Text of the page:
"The idea of a makerspace is you meet people where they are," says Mueller, an artist and entrepreneur. Tech isn't just robots or a medical device, says Mueller. "When you're going to a Broadway show, technology is all around you."

Prior to Gizmo-Cda, the Muellers built and ran MSM Design, which developed high-resolution stereoscopic camera technology used in producing IMAX's Space Station 3D and National Geographic's Sea Monsters.

"The difference between what we did [then] and what tech is now is the cost of technology," Mueller says. Technology cost has decreased and access to it increased. And yet, she says, the workforce is still not there.

That's a priority for UI, too, says Buck. Its computer science program, for example, offers bachelor's, master's and doctoral levels of learning and six-month paid internships connecting students with potential employers. And, by collaborating with Innovation Collective and North Idaho College, UI can offer a Coeur d'Alene-based four-year computer science degree, which also supports several CDA 2030 educational initiatives.

UI, Gizmo, Innovation Collective and NIC are also involved in projects designed to "encourage entrepreneurialism, innovation and business startups as part of larger industry sector/cluster strategies."

Recently relocated to NIC, Gizmo, along with NIC and UI, is exploring a Proof-of-Concept Center — an incubator and support system to facilitate and accelerate innovations — and Rapid Prototype Lab with an entrepreneurship-focused, experiential learning program, according to Ryan Arnold, NIC's new director of regional entrepreneurial strategy. It's also looking at developing an Emerging Media Arts Lab focused on virtual reality, augmented reality and digital storytelling, which dovetails with a new downtown startup called Virtual Reality CDA.

Developed and owned by Colton Hoffman, VR CDA is yet another collaborator in the emerging tech economy downtown, yet its focus is unique, says Tyler Lowe, who has been working with VR CDA and the Art Spirit Gallery as well as local artists to use 3D scanning to facilitate displays in a virtual environment.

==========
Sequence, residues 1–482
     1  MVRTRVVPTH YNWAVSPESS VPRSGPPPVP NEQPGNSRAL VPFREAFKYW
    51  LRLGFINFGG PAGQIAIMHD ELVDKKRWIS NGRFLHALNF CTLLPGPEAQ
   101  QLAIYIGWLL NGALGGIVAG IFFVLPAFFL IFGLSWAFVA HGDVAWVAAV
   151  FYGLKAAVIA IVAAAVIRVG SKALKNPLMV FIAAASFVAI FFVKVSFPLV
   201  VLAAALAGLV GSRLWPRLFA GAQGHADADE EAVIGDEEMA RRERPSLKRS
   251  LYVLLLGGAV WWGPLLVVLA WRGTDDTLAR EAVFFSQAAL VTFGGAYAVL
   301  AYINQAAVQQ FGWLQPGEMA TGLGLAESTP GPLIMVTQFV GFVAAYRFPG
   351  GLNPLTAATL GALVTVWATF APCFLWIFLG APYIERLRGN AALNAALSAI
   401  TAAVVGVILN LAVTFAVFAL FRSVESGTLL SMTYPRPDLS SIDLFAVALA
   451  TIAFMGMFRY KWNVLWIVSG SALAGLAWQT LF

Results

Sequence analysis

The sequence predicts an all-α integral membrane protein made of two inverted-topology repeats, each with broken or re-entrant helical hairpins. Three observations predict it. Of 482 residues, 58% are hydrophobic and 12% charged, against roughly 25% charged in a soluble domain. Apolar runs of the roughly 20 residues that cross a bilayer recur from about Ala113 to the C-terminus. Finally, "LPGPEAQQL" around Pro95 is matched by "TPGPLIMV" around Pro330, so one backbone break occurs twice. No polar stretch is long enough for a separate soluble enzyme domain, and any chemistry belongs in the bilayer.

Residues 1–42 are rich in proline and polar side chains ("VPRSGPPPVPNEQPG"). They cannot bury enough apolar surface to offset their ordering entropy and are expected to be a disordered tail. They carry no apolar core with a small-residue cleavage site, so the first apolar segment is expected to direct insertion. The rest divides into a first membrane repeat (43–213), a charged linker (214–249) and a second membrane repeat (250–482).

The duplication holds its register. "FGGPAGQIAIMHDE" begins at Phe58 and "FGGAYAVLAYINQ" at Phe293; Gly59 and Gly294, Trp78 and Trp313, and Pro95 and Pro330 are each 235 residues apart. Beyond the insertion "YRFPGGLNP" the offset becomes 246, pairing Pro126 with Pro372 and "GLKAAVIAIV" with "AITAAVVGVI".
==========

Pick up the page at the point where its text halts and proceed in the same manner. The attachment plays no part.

"We are at the cusp of a new technological renaissance where the arts and humanities will be flourishing in communities and cultures, this time fueled with new tools provided by emerging tech," says Lowe, whose background includes studies in historical theology and ancient cultures. "As jobs and identities shift from being consumed by industrial thinking to more contemporary themes, humans are turning toward artistic expression as means of not only recreation, but as hopeful careers."

Lowe is an unabashed supporter of the arts, which might seem unusual to include in discussions about technology, yet in Coeur d'Alene, it's par for the course.

"I don't think it's a question of 'rec to tech,'" says Blair Williams, owner of the Art Spirit Gallery. "It's really 'rec with tech.'"

The gallery's collaborations include the Innovation Collective (they're co-hosting a tech party during Think Big Festival), NIC (with whom they put on Creative Conversations with young professionals) and UI (with whom they developed the Arts Ed Co-Lab to teach the business of art).

A lifelong resident of Coeur d'Alene, Williams sees recreational opportunities as a draw for many people. They work on a project, go hike Tubbs Hill, then return to their desk refreshed, she says.

"We've talked about it for 20 years, since the advent of the internet, that people can work anywhere and live anywhere." And if people can and want to, she says, they'll come to Coeur d'Alene. ♦

EDITOR'S NOTE: The online version of this story has been updated to more accurately reflect ownership of VR CDA.

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About The Author

Carrie Scozzaro

Carrie Scozzaro spent nearly half of her career serving public education in various roles, and the other half in creative work: visual art, marketing communications, graphic design, and freelance writing, including for publications throughout Idaho, Washington, and Montana.